Either that or she sang the alphabet song. I can't remember which.
To the left of the weather green screen is the interview area, where one-on-one sitdowns (usually for the noon newscast) take place. During the open house, there was a guy from The Team 990 doing what appeared to be a live broadcast about soccer. CKGM is owned by CTV, so it makes sense they'd share resources, but wouldn't a sound studio make a lot more sense for this kind of thing?
Also note the security guard, there to protect the host from screaming fans who want their moment of fame by getting on an AM sports radio station on a Saturday afternoon.
Behind the anchor desk is a lot less elegant than the front. Fluorescent lights in the desk shine on the anchors, who have only their drinks, laptops and cough buttons to play with.
The cameraman was there to do a story on the open house itself.
He's relatively serious on air, but Todd van der Heyden is a lot more laid back (literally) when the cameras aren't rolling. One of these days he's going to lean too far.
Even though they weren't going to be on air (the weekend crew was handling the newscast), Takahashi, van der Heyden and Graham were in full costume and makeup. I'll leave it as another exercise for the reader to suggest what he's thinking about here.
Since everyone wants a photo with the anchors, they had a professional photographer in the studio and lined people up to take pictures with Todd and Mits. Say cheese! Click! Click! Next!
Imagine having to smile for photo after photo for hours at a time.
The mascot (named "Jellybean" for some strange reason) came on set and fooled around with people. I asked it to give van der Heyden a big bear hug, and both happily obliged.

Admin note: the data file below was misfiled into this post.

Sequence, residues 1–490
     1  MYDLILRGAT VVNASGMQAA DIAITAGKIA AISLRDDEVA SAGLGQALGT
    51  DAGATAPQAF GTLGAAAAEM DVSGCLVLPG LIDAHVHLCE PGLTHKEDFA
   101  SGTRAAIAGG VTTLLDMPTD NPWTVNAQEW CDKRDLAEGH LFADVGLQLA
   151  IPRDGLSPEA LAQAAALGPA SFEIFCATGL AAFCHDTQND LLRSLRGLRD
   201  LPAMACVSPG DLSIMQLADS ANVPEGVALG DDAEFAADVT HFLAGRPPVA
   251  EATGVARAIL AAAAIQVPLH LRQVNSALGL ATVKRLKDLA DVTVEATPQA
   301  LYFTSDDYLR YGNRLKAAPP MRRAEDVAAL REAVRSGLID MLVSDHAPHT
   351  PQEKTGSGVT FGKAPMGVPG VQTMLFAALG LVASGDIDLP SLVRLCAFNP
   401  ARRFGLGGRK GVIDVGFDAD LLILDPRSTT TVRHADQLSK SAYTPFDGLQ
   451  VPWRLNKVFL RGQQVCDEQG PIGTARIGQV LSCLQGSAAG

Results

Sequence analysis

If local television dies, this is what we'll be losing, folks.
Brian Fantana Rob Lurie stopped by to show the love with some admirers. I'm not sure who looks more adorable in this picture, but it's definitely a close race.
Annie DeMelt was the reporter actually doing the story on the open house. NDP leader Jack Layton walked in while we were there, and DeMelt pounced on him for an interview. Unsurprisingly, he said the government should ensure that local television has a future, though he didn't take a position specifically on fee for carriage.
I admit I have an anti-heel bias, even though I've never worn them myself. I always find it a bit silly, especially when you're never seen on camera below the chest.
This guy, who actually works in marketing and admitted he didn't know much about the equipment (other than its million-dollar cost), managed to muddle through a tour while the expert was out back. UPDATE: I'm told he's George Goulakos, the national sales president at CTV.
Depending on location and other factors, the truck will send its video out via microwave link or via satellite.
And you think your remote control is confusing.
Outside, free soft drinks were being handed out. I picked up a can of coke. Does that ruin my journalistic objectivity here?
As the tour ended, and visitors put their "save local TV" postcards into a box to be mailed to Ottawa, I was asked if I'd been sold on fee for carriage. Except nobody mentioned that during the open house. I remain to be convinced.
News coverage of the events seems to be mostly limited to CTV itself, with the exception of this story from the Ottawa Citizen (which includes a gallery), and a Canwest News Service piece that uses the word "protesters", which I think is a bit of a stretch. I didn't see anyone holding signs.
Oh, and did I get on TV in DeMelt's report?
Why yes, yes I did. My parents are so proud.
UPDATE: For anyone interested, CTV has raw video of the interview with Justin Trudeau.